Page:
Ship owners keep on investing in niche markets, like gas carriers
Although this year has been characterized by slow newbuilding ordering activity thus far, ship owners have appeared keen on jumping in the more niche markets, like the LPG and LNG transportation business.
Although this year has been characterized
by slow newbuilding ordering activity thus far, ship owners have
appeared keen on jumping in the more niche markets, like the LPG and LNG transportation business.
In its latest weekly report, Clarkson Hellas said that “there has been further activity this week in the Gas sector, combined with some continued reported interest and concluded business in the mid‐sized wet and dry segments of the market.
It therefore arguably remains the larger facilities in both Korea and China that remain under the most pressure in terms of conventional demand.
With no real volume of new contracts having been placed, particularly for the larger end of the Crude segment of the market and gaps in production now also showing into 2014 and 2015, pressure is certainly mounting on shipyards to relent a little on pricing to try and spur on any dormant interest that exists” the report said.
It added that “unfortunately, even with the best intentions from the side of the Shipyards, owners are still forced to operate in a continually challenging and volatile macro environment – and with no immediate promise of recovery in either the freight or financial markets to justify ordering against existing values for these segments, it still requires bold decision making to commit to contracting at the higher value end of the asset spectrum.
Having said this – opportunities are there for those who are in a position to take them and with the major owners remaining poised for action – it will be interesting to see who makes the first move and whether any such move will be enough to catalyse enough volume of demand to positively influence the upper end of the newbuilding market.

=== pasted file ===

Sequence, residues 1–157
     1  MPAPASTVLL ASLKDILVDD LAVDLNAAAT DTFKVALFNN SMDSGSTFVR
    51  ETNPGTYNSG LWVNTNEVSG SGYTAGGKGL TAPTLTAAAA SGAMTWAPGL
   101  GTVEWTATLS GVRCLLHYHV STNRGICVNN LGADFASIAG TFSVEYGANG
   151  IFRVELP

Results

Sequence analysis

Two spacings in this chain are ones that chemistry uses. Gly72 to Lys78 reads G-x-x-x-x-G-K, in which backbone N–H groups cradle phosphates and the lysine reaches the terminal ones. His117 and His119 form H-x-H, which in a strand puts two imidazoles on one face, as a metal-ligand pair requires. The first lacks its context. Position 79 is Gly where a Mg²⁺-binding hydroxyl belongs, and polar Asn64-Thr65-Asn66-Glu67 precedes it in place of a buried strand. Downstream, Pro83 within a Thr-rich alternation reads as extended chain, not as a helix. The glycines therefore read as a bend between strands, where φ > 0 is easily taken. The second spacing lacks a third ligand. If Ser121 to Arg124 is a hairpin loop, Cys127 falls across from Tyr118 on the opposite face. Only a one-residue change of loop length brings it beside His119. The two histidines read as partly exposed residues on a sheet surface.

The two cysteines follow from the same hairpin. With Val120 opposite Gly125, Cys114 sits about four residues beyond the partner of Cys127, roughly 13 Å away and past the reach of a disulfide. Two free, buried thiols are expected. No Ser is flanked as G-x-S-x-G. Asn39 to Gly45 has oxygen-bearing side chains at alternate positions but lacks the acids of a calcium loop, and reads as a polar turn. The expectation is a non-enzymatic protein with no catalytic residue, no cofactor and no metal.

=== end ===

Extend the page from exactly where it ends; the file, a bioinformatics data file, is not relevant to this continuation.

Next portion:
For the moment however, the signs are those more of stagnation than activity– and it is likely that the remainder of the year will continue to play out in much the same vein and demonstrate the same trends as we have witnessed for the majority of the year” Clarkson Hellas said.
In terms of reported business, the report noted that "in Gas Unigas have signed 3 + 3 units of 12,000cbm Ethylene ships for delivery within the 2H 2014, Frontline have also declared their 2 options at Jiangnan Shipyard now for 2 further VLGC’s due for delivery in 2014. In Wet, D’Amico have extended their order at Hyundai Mipo with 2 further units of MR’s due for delivery in 2014.
In Dry, MST Mineralien have ordered 2 x 76,000 Panamax Bulkers at Taizhou Catic Shipyard for delivery in 2014" it said. Meanwhile, in the sale and purchasing market for second hand vessels, it's been another active week in the dry cargo sector, with more reported activity in the Capesize market, despite the segment's recent woes.
"Clients of Sinokor keep adding new Capes in their fleet by purchasing the M/V CAPE FUTURE (185,820 dwt 2002 blt Kawasaki) and the M/V CAPE SALVIA (172,559 dwt 2002 blt NKK) for US$ 42.5m en bloc.
Another vessel has been sold from the Yamamoto Kaiun fleet, namely M/V AZUL FRONTIER (177,253 dwt 2003 blt Namura). We understand clients of Swiss Marine have paid US$ 21.4m for the vessel.
Clients of Lauritzen are rumoured to have committed the M/V GRY BULKER (174,788 dwt 2009 blt Namura) to Greek buyers at levels of US$ 35m. In the Panamax sector, the M/V BET INTRUDER (69,235 dwt 1993 blt Imabari) is sold to Chinese interests at US$ 4.8m. The M/V SPRING FALCON (51,024 dwt 2001 blt Oshima) reported sold to Pacific Carriers for US$ 12.75m.
In the Handysize sector, M/V CLIPPER GRACE (30,548 dwt 2007 blt China) is sold to Greek interest for US$ 11.3m while the M/V PEONY (29,756 dwt 2001 blt Shikoku) reported sold to Chilean interests for US$ 10.1m" Clarkson Hellas concluded.